I gave scant attention to information in the pregnancy guides about complications relating to pre-eclampsia, out of a vague superstition that my full attention would only bring on this or one of the other dangerous illnesses outlined there. Pre-eclampsia is a potentially life-threatening condition for mother and child, which usually strikes late in pregnancy. Older mothers, especially those having their first baby, are more likely to develop it. Little is known about the causes of the disease or possible preventative measures partly because the window for studying it is very small; however, the best treatment is to deliver the baby.

I realised in retrospect that there had been signs in my pregnancy that something was not right. I’d been ill and tired throughout the 29 weeks, and had none of the positive symptoms described in the books. I’d had several serious migraines, but this pain so was extreme it was like an extended convulsion. All of these episodes seemed to happen on Sundays or public holidays, which meant house calls and paying extra for the heavenly relief of the 3 in 1 injection cocktail of Voltaren, tranquiliser and anti-nausea medication, that would blissfully ease the intense, prolonged pain and vomiting and finally bring sleep.

I was admitted to hospital on a Monday, and told by Dr J, my gynaecologist/ obstetrician, that he would try to keep my baby inside me for as long as possible. I wore a belt across my chest to monitor the baby’s heartbeat. She seemed to be doing OK. After the third pre-eclamptic episode, Dr J decided to do an emergency Caesar on the Thursday – May 30th, 2002, which would make Kate, my baby girl, 11 weeks early. When I first realised that my baby was going to be premature, that I was unable to incubate her inside my body where she belonged, I cried with guilt and sadness, feeling that I had let her down.

At the delivery, André, my husband, was at my head with the anesthetist, while the lower half of my body was hidden behind a curtain. Being very tall, André could see over the screen and witnessed the entire procedure, from Dr J cutting me open to the extraordinary moment when he pulled the tiny, bloody creature out. Kate looked nothing like the pictures of newborn babies in the books. She was tiny, almost fleshless, a newly hatched bird that belonged firmly in its nest. She seemed old and wise, unearthly. My entire being flooded with tenderness as I held and kissed her for a few seconds before she was taken away from me. André followed her and the paediatrician out of the room to the Neo-natal ICU. I saw her again only hours later, in the early evening, when I had recovered from the operation a little.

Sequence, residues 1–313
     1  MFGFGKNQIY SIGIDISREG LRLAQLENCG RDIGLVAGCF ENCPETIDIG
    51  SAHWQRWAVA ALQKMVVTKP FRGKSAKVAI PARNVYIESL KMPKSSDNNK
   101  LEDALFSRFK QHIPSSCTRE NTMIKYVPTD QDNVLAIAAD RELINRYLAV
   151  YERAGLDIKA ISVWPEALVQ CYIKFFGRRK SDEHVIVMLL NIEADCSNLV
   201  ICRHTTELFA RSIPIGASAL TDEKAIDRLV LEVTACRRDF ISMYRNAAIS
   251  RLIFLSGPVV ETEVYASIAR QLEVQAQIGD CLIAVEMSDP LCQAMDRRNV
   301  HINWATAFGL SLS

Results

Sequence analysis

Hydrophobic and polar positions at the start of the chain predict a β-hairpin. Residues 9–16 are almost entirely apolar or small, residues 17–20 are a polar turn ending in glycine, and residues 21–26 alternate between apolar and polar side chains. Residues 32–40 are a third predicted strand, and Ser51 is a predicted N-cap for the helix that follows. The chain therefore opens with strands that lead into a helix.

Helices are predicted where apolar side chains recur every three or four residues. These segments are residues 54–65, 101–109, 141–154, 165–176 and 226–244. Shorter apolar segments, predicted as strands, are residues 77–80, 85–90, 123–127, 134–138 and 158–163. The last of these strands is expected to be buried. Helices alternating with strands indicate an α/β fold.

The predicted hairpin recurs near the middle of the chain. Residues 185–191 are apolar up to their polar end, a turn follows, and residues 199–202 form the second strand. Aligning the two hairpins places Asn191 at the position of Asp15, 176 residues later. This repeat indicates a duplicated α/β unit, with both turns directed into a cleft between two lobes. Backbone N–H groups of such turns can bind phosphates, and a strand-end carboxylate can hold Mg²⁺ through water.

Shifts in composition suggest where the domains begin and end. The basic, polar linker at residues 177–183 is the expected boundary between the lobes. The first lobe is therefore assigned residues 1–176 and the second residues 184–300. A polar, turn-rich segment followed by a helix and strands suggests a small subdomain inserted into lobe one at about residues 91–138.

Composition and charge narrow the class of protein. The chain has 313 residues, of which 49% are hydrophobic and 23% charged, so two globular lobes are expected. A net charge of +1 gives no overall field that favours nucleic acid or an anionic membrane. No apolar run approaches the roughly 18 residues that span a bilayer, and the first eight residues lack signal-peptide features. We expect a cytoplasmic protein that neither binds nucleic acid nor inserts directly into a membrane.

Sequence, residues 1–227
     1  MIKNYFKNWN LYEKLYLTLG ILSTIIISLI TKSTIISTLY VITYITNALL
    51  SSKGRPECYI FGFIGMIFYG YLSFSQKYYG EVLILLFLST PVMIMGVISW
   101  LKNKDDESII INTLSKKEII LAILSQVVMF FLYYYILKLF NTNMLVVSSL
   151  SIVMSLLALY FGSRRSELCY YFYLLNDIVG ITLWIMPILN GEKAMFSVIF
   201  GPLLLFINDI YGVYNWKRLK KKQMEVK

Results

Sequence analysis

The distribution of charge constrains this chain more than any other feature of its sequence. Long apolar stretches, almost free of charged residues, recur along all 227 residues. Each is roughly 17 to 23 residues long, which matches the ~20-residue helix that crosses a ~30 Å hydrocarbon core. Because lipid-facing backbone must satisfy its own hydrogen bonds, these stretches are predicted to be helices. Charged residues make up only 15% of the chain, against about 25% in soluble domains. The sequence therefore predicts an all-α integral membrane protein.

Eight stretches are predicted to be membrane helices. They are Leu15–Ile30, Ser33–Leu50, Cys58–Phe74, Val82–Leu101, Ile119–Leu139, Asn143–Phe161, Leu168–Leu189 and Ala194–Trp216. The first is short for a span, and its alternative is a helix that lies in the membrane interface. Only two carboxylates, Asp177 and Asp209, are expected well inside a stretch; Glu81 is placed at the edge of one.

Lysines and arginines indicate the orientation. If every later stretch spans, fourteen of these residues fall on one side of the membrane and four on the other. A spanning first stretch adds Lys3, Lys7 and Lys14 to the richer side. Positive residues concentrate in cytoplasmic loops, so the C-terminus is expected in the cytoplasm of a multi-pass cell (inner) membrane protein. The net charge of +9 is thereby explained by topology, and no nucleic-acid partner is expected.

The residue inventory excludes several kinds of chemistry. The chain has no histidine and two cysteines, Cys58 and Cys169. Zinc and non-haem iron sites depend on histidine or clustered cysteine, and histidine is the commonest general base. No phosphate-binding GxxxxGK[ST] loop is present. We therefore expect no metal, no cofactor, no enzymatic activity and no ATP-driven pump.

It’s easy enough, now, to give a factual account of what I experienced in hospital, but it’s not so easy to write about the inside of the experience, even less so to convey anything of what it might have been like for Kate. She underwent numerous blood tests in the form of pinpricks to her heels; she received several doses of antibiotics, iron drops to ward off anaemia, caffeine drops to make her heart beat faster, oxygen too, although she didn’t ever have to be on a ventilator. She had jaundice and spent 3 days and nights under UV lights in the first week of her life. She was given Surfactin to strengthen her lungs. She weighed 1080 grams – just over a kilo – when she was born and then her weight dropped down to under a kilo for a week or two.

The first day or so of Kate’s life I was sore from the Caesar, and my neck was painfully stiff from leaning over the incubator, from the tension of the whole experience. My breasts were enormous and tender and the only relief I got was from expressing my milk, which was pale brown when it first came in. At once it was sent off to the lab to be tested in case there was something wrong with it. I was ashamed as I waited for the results, unsure of myself, of my milk, of my role. When the lab determined that it was fit for Kate’s consumption, I was relieved, filled with joy. I had dreaded the worst. She was initially given 1 ml at a time from a tiny syringe suspended cleverly above her with an elastic band that led into a tube down her nose straight into her stomach. I became adept at filling the syringe, at feeding my baby in this way.

In the first ten days or so she lay in plain sight in an elevated open incubator against the back wall of the NICU. She was kept warm by the heated incubator and covered with a miniature space blanket when she wasn’t being held. She was naked except for a tiny nappy and a great number of tubes and monitors attached to her body. She cried seldom, but when she did it was a peculiar sheep-like bleat.

One morning, while sitting in the plastic chair next to the incubator holding her next to my skin, I looked down at her and noticed that she had turned very white, almost blue. She was cold too. Time stopped for me. The paediatrician was called and she was given a life-saving blood transfusion. I can’t remember what it felt like to be in the moment of the ordeal. I have forgotten how hard it was. At the time, I coped by taking everything one day at a time, one hour at a time. I didn’t plan or think ahead about next week or next month, or the end of my maternity leave.